Undue weight was given to scientific advice over arguments for protecting the economy during the Covid pandemic, one of the most high-profile supporters of lockdowns has said.
Sir Patrick Vallance, the former chief scientific adviser, said deficiencies in the economic arguments being put forward caused “a real problem in terms of how decisions could be made”.
Sir Patrick, who was among those pushing for what was described as a “go hard, go early” policy on curbing freedoms, also said it was a “mistake” for the Government to use a worst-case scenario projection of 4,000 deaths per day to help justify the second lockdown in autumn 2020.
Along with Prof Sir Chris Whitty, the chief medical officer, Sir Patrick was an almost constant presence on the nation’s television screens during the pandemic, flanking Boris Johnson at daily press conferences to update the nation.
Giving evidence to the Covid Inquiry in London, Sir Patrick said he had referred to Sir Chris in his diary as “a delayer” because his colleague was worried about the long-term health risks associated with shutting down the country, whereas Sir Patrick felt there was a clear need for early lockdowns.
He said: “He was definitely of the view that the treatment and the result of that treatment needed to be considered together and pulling the trigger to do things too early could lead to adverse consequences … I didn’t have exactly the same worry. I was more on the side of ‘we need to move on this’.”
Despite his enthusiasm for locking down the country, Sir Patrick said the Treasury had failed to push back hard enough when the Government insisted it was “following the science”.
He said: “The science advice was there for everybody to see. The economic advice wasn’t and it wasn’t obvious what it was based upon and therefore [it] unduly weighted the science advice in the public mind, I think, and created a real problem in terms of how decisions could be made.”
He said he had suggested that an economic advisory group, similar to the scientific advisory group Sage, should be set up and “it had one meeting but it wasn’t pursued”.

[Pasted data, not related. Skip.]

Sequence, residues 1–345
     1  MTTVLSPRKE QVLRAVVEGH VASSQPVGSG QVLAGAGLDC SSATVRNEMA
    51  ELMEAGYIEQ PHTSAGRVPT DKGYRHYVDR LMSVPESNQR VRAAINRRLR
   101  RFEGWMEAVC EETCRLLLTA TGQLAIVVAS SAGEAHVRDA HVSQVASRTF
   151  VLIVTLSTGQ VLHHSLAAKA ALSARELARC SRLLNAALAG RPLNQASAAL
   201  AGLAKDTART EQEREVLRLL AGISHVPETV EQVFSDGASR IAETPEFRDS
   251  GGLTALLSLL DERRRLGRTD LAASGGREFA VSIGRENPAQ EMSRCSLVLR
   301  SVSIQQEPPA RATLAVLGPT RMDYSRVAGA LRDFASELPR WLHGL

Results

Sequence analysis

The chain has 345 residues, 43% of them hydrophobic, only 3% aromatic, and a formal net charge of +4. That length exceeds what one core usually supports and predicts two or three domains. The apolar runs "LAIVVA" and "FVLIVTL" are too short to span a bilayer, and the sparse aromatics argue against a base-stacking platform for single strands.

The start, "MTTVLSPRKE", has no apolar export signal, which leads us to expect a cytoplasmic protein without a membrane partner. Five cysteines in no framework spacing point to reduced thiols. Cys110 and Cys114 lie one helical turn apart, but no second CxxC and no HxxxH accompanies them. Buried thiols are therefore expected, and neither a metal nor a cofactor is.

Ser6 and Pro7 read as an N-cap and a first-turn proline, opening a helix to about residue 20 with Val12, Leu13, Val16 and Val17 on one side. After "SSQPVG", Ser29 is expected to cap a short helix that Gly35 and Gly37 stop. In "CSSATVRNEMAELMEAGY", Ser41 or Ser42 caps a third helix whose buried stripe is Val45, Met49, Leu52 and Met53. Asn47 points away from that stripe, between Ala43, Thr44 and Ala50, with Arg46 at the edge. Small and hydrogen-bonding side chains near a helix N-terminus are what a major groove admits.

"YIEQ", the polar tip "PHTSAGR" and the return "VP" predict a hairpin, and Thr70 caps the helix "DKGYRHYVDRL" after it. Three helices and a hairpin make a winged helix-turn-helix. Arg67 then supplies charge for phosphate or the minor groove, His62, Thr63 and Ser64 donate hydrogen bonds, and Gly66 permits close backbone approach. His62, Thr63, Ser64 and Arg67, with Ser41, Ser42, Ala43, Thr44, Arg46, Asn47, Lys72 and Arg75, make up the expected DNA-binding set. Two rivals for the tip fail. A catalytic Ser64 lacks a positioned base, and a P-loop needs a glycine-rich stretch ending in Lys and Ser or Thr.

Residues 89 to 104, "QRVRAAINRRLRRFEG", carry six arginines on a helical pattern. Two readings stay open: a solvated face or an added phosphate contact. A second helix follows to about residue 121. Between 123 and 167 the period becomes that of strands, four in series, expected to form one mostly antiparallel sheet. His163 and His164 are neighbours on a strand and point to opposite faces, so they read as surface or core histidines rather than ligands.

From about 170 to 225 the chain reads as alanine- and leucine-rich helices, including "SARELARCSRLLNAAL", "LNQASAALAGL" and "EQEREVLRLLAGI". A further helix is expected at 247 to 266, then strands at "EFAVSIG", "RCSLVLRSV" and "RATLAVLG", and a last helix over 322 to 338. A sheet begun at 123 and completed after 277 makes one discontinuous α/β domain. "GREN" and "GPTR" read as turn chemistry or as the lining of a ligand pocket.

In private diary entries he criticised the Treasury, then under Rishi Sunak as chancellor, saying that its internal predictions for the economy were based on: “No evidence, no transparency, pure dogma and wrong throughout.”
‘Mistake’ to show slide detailing worst-case scenario for deaths
Sir Patrick said that when Mr Johnson announced a second national lockdown on Oct 31 2020, he was told to show the public an information slide with a worst-case scenario for deaths, which he insisted was a bad idea.
He said: “The message came back several times that the PM thought that as he had seen the slide it was only right that the public should see it.
“It was agreed that I should show that slide but try to move on to the medium-term projection which was the real thing. I think I made a mistake by agreeing to show it.”
Less than a week later, the Office for Statistics Regulation criticised Sir Patrick for failing to release the data and assumptions behind the worst-case scenario projection of 4,000 deaths per day by December 2020 if no action was taken.
Mr Johnson had been forced into a hasty announcement of the lockdown after plans for it were leaked to the media, and Sir Patrick said the then prime minister spent three to four hours on the phone before that day’s press conference trying to explain his reasoning to Tory MPs and other critics.
He said there was nothing wrong with the 4,000 deaths projection in terms of its scientific validity, but: “I just thought it was not a sensible science slide to show.”
The inquiry was shown another entry from Sir Patrick’s diaries in October 2020 in which he noted that Dominic Cummings, Mr Johnson’s senior adviser, had claimed: “Rishi thinks just let people die and that’s okay.”